If you're like the single income mortgagees working on our team, you have read a million articles on how to stretch a penny and make your money last until the next pay day.

Inevitably (we've seen it a million times), the first point on most of those articles is 'live within your means'. It is this point that has inspired us to pen this article.

For many of us, 'living within our means' when we are on one income or a reduced income, with more expenses than ever before is obvious. We. Don't. Need. To. Read. It. Again.

The real question is -- how do you live within your means and actually make it work when your mortgage and your mandatories (feeding and clothing kids for instance) eat up the vast majority of those means?

Well, here are a few hints from our team, our friends and those we know who seem to take a dollar and get a hundred dollars of value from it.

1. Live within your means... JUST KIDDING! Budget like a bandit!

A lot of these ' how to save' lists also include a point on how to make a budget. Cool. Check. Income in. Costs out. But when money doesn't stretch far enough to cover what you need, and you don't want to lose the house or start eating gruel, getting your budget to balance out can be a whole new challenge!

This is where the internet and excel comes in.

One of the biggest challenges we have with how we live financially, is conditioning. Whether it's the small things or the large -- the people we know, the experiences we've had and the things we've seen teach us how to handle money.

No, this doesn't just relate to whether we shop too much or reward ourselves with new shoes. This actually goes right down to product preference.

As an example, one of our team members has a parent who only ever purchased a particular brand of rice as she was growing up. They bought a lot of other home brand products, but her parents taught her rice is not to be comprised on. Now as an adult, every time she shops for rice, she buys this same brand... for $3 more that the home brand rice.

In the scheme of things, $3 may not seem much, but everything adds up. One dollar here, a couple there and soon it's a hundred dollars a week. If you start to review, this applies to so many things... toilet paper, washing powder, sanitary products.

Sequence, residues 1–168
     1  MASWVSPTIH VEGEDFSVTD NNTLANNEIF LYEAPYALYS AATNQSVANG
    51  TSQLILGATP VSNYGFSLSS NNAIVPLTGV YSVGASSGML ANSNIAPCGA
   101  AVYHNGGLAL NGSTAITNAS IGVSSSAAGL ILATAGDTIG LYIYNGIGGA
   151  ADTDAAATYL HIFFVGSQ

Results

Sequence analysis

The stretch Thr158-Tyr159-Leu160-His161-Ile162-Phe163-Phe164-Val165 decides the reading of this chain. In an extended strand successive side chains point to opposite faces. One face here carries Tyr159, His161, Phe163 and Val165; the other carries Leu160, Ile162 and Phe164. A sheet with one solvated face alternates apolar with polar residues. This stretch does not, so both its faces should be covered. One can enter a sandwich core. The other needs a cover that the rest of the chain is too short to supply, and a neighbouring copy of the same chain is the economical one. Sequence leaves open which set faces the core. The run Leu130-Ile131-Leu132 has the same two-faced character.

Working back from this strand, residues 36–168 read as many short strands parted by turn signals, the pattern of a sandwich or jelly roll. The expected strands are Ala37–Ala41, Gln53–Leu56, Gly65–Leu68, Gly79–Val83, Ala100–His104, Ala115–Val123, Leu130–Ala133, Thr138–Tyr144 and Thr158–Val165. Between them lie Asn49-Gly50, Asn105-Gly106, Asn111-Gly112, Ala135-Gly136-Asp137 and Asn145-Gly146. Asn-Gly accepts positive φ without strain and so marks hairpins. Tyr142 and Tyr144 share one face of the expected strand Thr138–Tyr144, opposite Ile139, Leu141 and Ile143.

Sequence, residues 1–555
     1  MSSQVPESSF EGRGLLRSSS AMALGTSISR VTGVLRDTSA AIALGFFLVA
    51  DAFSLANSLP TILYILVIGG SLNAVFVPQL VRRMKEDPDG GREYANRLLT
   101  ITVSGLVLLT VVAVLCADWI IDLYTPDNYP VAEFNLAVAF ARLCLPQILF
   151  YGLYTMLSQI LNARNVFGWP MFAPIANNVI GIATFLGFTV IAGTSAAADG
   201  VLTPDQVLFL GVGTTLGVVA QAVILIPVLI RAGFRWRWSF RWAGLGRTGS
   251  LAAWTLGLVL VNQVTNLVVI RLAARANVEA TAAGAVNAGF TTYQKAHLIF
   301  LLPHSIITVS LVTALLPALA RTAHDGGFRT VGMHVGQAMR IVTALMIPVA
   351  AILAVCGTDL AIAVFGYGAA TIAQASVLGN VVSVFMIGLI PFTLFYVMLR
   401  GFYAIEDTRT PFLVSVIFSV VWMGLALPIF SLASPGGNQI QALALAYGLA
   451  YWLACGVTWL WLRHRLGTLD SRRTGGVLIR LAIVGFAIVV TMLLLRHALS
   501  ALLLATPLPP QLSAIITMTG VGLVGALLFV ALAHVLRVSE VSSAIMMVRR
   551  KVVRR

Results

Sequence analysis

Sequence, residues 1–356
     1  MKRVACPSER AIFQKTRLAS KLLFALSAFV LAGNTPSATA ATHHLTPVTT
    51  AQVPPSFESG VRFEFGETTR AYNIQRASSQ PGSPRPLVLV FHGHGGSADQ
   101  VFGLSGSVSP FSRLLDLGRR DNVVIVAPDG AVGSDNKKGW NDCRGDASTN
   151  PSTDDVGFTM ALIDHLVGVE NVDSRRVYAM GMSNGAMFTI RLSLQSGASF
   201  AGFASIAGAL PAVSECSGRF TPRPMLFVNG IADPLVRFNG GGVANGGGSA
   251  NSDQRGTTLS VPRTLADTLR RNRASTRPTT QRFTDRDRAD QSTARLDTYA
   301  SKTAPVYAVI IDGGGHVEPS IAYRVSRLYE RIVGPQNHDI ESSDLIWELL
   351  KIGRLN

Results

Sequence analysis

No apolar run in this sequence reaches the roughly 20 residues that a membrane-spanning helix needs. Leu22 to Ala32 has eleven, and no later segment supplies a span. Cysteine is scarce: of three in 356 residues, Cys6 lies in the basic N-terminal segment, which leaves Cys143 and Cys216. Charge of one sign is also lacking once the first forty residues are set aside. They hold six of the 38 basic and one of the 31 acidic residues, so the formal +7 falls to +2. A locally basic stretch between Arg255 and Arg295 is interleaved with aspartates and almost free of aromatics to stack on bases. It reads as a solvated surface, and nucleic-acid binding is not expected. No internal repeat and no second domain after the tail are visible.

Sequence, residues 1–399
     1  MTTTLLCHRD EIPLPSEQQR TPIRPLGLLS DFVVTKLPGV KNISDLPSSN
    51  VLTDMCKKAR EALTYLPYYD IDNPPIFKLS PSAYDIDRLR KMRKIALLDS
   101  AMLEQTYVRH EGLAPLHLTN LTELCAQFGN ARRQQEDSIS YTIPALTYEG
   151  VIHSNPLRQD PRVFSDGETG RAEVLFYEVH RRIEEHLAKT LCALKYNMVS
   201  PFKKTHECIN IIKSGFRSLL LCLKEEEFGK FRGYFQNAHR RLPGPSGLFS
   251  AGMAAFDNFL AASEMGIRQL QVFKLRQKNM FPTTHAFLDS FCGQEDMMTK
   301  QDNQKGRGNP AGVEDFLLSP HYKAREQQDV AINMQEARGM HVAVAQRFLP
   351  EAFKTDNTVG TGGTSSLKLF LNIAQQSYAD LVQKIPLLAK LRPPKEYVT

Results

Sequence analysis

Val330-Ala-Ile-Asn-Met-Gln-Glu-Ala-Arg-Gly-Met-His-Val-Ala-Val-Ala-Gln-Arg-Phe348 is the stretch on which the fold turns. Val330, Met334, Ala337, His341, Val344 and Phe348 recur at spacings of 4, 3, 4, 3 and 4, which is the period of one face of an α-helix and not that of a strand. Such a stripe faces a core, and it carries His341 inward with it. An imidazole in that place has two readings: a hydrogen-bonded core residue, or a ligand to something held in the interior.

When creating your budget, first rule is to audit your current spending on a granular level. What practices can you change that really make no difference to you at all but save you money. Explore new brands, suppliers, ask friends and forums, and save yourself a dollar here and a dollar there until it's that elusive hundred! And for Pete's sake, the home brand rice is just fine!

2. How much space do you really need? Share space, save money!

In Australia, our home size in terms of square meter value, is on average, literally the biggest in the world -- take that America, with your property developer president!

What this means is we have found a way to expand into and use space we actually don't really need.

Assess your house, your yard, your garage -- do you have spare space? Could someone else use it? Would they pay you for the pleasure?

Consider options like renting out one of your rooms to a student (international students are great as they often keep to themselves), renting out one of your parking spaces, or even investing slightly (it is a spend, but it comes back!) in a small granny flat in your ample backyard which will offer you weekly rental return!